Dallas Cowboys owner Jerry Jones expressed his confidence in the team’s head coach, Mike McCarthy, on Tuesday.
“I want to be real clear: He wouldn’t be sitting here today if I didn’t think he was the man to lead this team to a Super Bowl,” Jones told reporters as the Cowboys were set to begin training camp in Oxnard, California.
“And I have choices,” Jones continued. “That’s not meant to be insensitive to anybody. That’s a fact. … The guy to my right is who I’m convicted about, have been. We’ve certainly have had things we have addressed, and the way we addressed them in the offseason, I think we have successfully put together a staff that, from this vantage point, gives us absolutely the best chance with our makeup and our team to get to the ultimate success.”
McCarthy’s job security had been the subject of scrutiny well before the team began training camp on Tuesday.
After the Cowboys ran away with the NFC East title and finished 12-5 last season, they were the only home team to lose in the wild-card round of the playoffs when time ran out on them against the San Francisco 49ers.
After that, Jones used a curious choice of words on 105.3 The Fan in Dallas when talking about his team’s head coach.
“Mike knows that someday somebody other than him will be coach of the Cowboys,” Jones told the radio station.
Speaking with The Dallas Morning News, McCarthy expressed his annoyance with the continued discussion over his job security in Dallas.
“It’s irritating that the first question you ask me has nothing to do with how I do my job,” he said. “I show up every day for work to win a championship. How do we win today? That’s what I’m asking.
“My viewpoint is it’s not a story. It’s a media-driven narrative, or at least a narrative driven outside my realm.”
Still, it is clear that with Jones turning 80 in October, he is desperate to end the Cowboys’ 26-season Super Bowl drought, increasing the pressure on McCarthy.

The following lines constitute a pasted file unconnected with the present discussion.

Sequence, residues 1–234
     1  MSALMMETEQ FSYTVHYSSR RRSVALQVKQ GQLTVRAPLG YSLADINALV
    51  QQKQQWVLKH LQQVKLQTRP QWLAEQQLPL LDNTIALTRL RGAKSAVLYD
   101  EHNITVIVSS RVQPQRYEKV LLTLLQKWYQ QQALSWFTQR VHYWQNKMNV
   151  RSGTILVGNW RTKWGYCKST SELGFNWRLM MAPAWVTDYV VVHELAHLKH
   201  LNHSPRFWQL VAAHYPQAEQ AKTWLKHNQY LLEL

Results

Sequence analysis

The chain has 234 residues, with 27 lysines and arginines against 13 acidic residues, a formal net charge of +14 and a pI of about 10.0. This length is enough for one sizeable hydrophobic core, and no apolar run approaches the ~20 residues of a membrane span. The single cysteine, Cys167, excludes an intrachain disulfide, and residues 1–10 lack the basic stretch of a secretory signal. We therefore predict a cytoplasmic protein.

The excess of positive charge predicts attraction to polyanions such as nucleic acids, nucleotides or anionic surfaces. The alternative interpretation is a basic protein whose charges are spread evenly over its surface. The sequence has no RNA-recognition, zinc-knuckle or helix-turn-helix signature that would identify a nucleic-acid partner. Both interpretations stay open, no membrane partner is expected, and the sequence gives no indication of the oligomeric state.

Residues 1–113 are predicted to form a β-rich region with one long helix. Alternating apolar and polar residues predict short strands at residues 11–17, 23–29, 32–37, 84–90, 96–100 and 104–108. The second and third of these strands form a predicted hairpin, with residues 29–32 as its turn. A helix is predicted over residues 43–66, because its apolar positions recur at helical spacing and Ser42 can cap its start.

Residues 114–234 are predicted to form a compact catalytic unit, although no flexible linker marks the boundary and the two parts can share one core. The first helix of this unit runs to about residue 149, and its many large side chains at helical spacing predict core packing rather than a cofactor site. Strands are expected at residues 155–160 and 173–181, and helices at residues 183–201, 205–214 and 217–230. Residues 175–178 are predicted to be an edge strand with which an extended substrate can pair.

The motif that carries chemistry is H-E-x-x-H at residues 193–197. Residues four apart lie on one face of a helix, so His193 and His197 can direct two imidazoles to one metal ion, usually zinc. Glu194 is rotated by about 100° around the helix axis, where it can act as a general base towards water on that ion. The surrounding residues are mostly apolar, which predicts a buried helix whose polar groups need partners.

McCarthy became the ninth head coach in team history when he signed a five-year contract on January 8, 2020.
His first year as the head coach was derailed by the COVID-19 pandemic, which prevented teams from hosting offseason programs, and shortened training camp. To make matters worse, starting quarterback Dak Prescott suffered a gruesome ankle injury in the fifth game of the season, diminishing the team’s chances of success.
Dallas would finish 6-10 in McCarthy’s first season in charge, giving him a record of 18-15 over his first two seasons. McCarthy replaced Jason Garrett, who went 8-8 in each of his first three seasons as the Cowboys’ head coach.
Garrett would remain the head man in Dallas for nine full seasons before Jones decided to make a coaching change.
Despite the awkwardness that has followed the San Francisco playoff loss, Jones and his son and executive vice president Stephen Jones have defended McCarthy on various occasions this offseason.
“I just think unfortunately when you’re a coach, quarterback or player for the Cowboys, you’re going to get a lot of attention, and sometimes it’s not all going to be positive,” Stephen Jones said from the NFL combine in February. “Jerry and I know that better than anybody … but we feel good about Mike.”
“One, we went 12-5. Most people consider that a success,” Stephen Jones said. “It’s not around here because we want to win a championship. I think his track record speaks for [itself]. He’s won a Super Bowl, been to championship games. I love the way his leadership style is. I think he’s got a great pulse for our football team and just feel like he’s the right guy for us.”